Turning a Cat-astrophe into an Experience: The Palace Museum

ITEC Entertainment is a multidisciplinary organization with a strong diversity of talented staffers. Occasionally our employees will share their expertise in their area of discipline. This post was written by ITEC’s Design Manager, Sisi He.

Developing a central story and cleverly weaving its themes into the culture of a property is a pivotal part of what a leading entertainment design and development firm such as ITEC creates. To make a destination truly breathtaking, one significant aspect involves identifying and responding to natural elements of a location and its history. One such example of this occurrence is The Palace Museum in Beijing, China.

The museum was established in 1925 and consists of 980 buildings across 180 acres. Prior to becoming a museum, the Palace served as a home for the Royal Family for a half-century. While the museum is known for housing over a million rare and valuable works of art, it perhaps receives the most global notoriety for the cats that now frequent the museum and have become one of the most successful social media phenomenons in China in the last decade.

The Story Behind the Cats of The Palace Museum

Being nearly 600 years old and covering so much ground, the museum was known to be infested with rats. As a response to the problem, the palace elected to bring cats into the museum in order to remove their rat infestation. That decision brought its own notable issues including disease and cat feces among other health concerns. After correcting the problem by appropriately vaccinating the cats and developing an enhanced method of cleanliness, there are now 150 stray cats that call the Palace home, helping staff keep the museum mouse free in exchange for food and shelter.

The phenomenon came at the right time as social media was blossoming into what it’s become today, causing the virality of the Forbidden City Cats to flourish and grow organically from 2018 and onward. In fact, one of the Forbidden City stray cats, Baidian, became famous for being an semi-unsuccessful bettor at the 2018 World Cup in Russia. He became such an icon that his own Baidu account was created when he was hospitalized during illness and required donations.

How themed entertainment helped catapult the Cats of The Palace Museum to Fame

Ultimately, the goal of any themed entertainment development is to attract visitors to come more often, stay longer, and return multiple times to bolster ROI for the destination. In this case, the mutually beneficial relationship between the cats and the Palace staff created just that element needed to do the trick. Not only did the Palace begin creating merchandise for the museum store, but they were included in television programs, and most recently are the source material for a series of children’s books about The Palace Museum. There are photo galleries, statues and unique characters developed for some of the cats to help drive interest.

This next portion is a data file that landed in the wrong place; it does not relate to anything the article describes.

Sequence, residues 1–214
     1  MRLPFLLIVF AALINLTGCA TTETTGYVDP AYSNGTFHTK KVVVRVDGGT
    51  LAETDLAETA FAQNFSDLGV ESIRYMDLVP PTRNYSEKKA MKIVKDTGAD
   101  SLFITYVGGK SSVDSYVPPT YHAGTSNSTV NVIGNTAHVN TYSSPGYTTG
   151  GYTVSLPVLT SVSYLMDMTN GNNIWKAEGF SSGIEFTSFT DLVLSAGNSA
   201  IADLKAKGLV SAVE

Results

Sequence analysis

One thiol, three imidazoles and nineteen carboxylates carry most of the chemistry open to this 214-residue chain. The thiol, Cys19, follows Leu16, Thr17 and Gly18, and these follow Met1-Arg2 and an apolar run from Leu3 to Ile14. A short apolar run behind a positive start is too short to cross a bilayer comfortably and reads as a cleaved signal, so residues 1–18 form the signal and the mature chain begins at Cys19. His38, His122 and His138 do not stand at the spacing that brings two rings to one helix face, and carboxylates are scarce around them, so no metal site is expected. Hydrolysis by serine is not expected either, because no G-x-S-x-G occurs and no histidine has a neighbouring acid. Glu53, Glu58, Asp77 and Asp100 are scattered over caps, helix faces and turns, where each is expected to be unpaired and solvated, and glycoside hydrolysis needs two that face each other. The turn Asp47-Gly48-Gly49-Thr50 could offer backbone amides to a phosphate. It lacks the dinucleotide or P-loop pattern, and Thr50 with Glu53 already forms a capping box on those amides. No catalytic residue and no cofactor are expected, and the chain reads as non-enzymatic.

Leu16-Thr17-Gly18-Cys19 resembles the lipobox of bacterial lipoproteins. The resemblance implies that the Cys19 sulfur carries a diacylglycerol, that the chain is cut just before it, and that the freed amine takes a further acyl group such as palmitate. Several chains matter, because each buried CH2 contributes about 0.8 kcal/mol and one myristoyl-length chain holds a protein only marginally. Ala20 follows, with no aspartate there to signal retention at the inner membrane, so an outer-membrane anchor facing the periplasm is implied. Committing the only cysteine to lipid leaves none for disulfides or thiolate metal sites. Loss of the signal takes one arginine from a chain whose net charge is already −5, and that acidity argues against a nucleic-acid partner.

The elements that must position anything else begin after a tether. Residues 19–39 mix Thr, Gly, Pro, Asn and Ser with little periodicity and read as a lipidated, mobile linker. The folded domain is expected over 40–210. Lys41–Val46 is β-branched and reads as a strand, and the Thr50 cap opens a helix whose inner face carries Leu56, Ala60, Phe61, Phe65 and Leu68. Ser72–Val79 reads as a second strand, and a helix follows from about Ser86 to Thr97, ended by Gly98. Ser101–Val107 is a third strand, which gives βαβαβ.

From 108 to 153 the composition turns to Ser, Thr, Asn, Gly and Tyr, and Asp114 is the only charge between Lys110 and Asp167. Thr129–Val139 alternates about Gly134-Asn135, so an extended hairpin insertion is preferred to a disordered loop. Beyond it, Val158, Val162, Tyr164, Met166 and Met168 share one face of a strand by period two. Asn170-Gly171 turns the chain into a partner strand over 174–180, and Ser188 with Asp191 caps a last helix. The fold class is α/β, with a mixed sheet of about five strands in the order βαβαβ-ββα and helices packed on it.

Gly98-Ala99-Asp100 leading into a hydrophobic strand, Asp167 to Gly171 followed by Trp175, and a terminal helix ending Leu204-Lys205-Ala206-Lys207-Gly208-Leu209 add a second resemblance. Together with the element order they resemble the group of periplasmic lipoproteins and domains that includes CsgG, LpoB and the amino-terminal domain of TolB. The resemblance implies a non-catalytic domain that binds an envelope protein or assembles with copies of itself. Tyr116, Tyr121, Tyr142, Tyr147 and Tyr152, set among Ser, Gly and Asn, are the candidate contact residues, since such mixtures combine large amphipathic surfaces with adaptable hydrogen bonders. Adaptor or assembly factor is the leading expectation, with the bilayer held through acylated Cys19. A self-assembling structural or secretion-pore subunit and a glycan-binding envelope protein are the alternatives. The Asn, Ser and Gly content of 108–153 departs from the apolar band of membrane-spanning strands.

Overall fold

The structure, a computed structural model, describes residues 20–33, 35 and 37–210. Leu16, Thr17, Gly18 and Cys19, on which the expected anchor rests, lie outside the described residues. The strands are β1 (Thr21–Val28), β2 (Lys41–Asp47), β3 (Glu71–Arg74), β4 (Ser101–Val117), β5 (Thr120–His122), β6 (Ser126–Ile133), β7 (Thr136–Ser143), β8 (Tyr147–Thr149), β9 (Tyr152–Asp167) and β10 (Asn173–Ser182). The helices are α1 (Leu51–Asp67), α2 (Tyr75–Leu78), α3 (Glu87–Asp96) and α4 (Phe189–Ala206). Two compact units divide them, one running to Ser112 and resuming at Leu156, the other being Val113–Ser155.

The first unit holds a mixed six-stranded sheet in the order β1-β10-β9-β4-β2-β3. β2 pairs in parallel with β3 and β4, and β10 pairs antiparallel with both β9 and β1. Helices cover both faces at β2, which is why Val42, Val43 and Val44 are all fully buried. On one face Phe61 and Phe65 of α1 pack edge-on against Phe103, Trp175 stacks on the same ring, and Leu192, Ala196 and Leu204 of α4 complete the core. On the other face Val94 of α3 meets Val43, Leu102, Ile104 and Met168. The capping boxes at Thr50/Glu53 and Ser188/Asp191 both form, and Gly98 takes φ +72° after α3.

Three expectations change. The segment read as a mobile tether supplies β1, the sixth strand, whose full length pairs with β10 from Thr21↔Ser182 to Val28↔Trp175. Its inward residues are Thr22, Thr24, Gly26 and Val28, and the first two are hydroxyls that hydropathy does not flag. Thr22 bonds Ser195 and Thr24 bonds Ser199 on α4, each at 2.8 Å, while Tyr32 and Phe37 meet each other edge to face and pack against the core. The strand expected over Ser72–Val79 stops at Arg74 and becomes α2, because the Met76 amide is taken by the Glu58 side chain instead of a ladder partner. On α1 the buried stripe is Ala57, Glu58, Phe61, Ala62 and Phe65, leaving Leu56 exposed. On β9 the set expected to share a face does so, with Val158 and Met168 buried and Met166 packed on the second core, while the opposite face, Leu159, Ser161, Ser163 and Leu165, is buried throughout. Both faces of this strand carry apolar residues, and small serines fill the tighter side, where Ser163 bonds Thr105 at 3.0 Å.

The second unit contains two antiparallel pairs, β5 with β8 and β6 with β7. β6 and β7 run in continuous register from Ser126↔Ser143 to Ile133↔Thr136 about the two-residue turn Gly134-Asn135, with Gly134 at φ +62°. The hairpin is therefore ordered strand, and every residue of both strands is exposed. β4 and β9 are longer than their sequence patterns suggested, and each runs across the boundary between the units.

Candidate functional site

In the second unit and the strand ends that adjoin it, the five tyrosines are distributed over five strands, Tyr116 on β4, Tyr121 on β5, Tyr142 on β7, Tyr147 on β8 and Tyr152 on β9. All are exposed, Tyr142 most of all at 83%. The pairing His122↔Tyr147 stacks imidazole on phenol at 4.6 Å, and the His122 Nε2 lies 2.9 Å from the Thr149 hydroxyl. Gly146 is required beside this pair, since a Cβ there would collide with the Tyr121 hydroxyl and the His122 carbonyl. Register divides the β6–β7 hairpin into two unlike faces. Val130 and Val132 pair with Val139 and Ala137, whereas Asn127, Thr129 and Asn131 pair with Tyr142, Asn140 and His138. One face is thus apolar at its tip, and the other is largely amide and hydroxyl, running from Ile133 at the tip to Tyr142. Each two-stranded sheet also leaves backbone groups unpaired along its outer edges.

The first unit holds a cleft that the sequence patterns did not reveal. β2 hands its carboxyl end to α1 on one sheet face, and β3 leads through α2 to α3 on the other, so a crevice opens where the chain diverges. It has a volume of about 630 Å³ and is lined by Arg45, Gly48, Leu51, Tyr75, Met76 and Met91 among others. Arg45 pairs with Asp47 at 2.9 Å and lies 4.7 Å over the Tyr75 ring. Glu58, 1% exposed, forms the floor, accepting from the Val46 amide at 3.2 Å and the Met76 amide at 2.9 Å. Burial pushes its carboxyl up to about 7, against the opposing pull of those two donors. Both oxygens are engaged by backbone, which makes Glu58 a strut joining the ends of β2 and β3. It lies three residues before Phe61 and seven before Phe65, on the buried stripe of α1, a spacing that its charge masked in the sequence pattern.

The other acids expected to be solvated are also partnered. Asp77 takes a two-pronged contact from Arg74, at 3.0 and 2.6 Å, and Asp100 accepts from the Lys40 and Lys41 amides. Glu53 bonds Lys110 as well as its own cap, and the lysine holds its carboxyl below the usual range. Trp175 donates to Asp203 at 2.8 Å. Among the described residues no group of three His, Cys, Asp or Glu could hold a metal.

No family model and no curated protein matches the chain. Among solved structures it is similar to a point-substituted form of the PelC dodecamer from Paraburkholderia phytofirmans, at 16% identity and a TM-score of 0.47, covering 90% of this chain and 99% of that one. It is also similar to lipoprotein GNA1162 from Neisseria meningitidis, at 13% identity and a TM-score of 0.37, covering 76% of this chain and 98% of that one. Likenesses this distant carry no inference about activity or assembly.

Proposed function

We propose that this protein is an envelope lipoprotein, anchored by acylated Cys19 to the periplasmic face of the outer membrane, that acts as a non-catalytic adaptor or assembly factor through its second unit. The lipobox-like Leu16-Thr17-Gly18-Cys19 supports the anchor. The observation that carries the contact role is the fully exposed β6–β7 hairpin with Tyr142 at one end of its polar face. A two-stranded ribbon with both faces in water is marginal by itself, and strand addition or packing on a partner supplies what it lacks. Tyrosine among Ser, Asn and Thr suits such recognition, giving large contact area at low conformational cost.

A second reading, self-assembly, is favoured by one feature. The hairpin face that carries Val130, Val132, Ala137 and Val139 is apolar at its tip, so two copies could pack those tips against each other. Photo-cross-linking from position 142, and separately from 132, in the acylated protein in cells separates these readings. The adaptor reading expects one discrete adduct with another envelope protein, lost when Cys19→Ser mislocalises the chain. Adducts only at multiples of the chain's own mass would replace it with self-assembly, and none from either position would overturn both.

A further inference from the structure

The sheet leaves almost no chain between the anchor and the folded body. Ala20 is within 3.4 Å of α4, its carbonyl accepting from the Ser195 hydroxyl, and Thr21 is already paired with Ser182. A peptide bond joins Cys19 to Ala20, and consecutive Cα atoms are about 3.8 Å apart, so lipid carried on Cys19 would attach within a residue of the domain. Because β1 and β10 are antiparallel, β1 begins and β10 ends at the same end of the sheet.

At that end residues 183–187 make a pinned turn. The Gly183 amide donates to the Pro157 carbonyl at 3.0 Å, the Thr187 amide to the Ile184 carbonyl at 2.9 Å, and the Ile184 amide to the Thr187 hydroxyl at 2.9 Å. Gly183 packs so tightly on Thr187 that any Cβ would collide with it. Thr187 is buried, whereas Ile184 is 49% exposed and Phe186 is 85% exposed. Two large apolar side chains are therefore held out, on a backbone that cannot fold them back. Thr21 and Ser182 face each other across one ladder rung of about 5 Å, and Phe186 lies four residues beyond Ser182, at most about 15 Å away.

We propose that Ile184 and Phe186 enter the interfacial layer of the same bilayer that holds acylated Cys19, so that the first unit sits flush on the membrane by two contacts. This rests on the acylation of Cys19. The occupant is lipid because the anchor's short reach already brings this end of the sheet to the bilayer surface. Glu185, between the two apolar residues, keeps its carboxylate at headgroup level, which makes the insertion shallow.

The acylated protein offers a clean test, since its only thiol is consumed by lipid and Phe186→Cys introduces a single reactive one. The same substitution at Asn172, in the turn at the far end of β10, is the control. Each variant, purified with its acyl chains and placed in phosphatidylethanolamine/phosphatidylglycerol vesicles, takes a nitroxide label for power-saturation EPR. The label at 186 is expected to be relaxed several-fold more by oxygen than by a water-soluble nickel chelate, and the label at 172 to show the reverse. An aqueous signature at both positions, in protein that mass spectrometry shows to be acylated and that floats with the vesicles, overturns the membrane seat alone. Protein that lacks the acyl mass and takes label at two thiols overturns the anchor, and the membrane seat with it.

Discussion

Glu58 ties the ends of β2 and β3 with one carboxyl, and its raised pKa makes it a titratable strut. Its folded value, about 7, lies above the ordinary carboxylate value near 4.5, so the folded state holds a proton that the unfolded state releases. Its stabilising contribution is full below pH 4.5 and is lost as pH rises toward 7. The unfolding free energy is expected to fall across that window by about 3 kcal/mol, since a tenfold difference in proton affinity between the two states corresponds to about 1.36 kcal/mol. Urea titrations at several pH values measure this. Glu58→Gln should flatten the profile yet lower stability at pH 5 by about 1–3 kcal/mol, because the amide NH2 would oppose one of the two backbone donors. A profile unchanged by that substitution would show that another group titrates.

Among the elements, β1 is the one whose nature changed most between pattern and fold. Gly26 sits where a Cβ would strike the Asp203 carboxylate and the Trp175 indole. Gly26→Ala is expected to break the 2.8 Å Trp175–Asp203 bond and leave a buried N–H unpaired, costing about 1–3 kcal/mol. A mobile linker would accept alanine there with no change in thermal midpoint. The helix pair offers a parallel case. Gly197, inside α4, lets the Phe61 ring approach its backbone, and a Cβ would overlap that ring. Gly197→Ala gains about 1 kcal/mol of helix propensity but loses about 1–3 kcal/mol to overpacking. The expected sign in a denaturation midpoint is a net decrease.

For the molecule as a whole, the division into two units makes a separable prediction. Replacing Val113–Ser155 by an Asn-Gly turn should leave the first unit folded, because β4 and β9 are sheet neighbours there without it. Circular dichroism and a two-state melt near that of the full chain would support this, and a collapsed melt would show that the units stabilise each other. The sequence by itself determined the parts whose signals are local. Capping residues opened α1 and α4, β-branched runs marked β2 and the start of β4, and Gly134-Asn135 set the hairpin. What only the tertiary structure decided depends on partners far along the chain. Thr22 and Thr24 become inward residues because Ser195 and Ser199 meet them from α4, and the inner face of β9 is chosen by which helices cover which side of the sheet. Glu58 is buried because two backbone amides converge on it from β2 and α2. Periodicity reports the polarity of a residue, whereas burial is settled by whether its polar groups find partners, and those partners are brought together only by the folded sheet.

According to the director of the museum, the Palace retail store has 15,000 transactions a day related to Palace cats and sold more than $1.5M USD in total merchandise in 2019. Some believe that the cats in the Palace are descendants or true royal family cats although that has yet to be proven. By building statues and focusing marketing dollars on the cats in addition to the artifacts, the museum was able to attract the coveted Chinese millennial generation (20-40) so successfully that now other museums are trying to mimic its success. According to Alizila.com, museums in China are experiencing a renaissance among the younger generation that was spearheaded by the creative marketing campaigns built around the National Palace Museum and the cats.

Creating a story as a basis for a property, whether it’s an amusement park, mixed-use real estate, or a resort, can be the difference between a location and a destination. Themed entertainment principles don’t just improve foot traffic and increase exposure, but can truly unlock an entire lifestyle around a property that appeals to mass markets. The Palace Museum is just one example of the potential, but ITEC Entertainment has been in business for over 30 years helping developers identify their stories and accomplish similar goals. With the experience economy growing at a rapid pace, more developments require the thematic approach to property that begins with the guest experience in mind.

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Media Contact:

Lisa Junkerman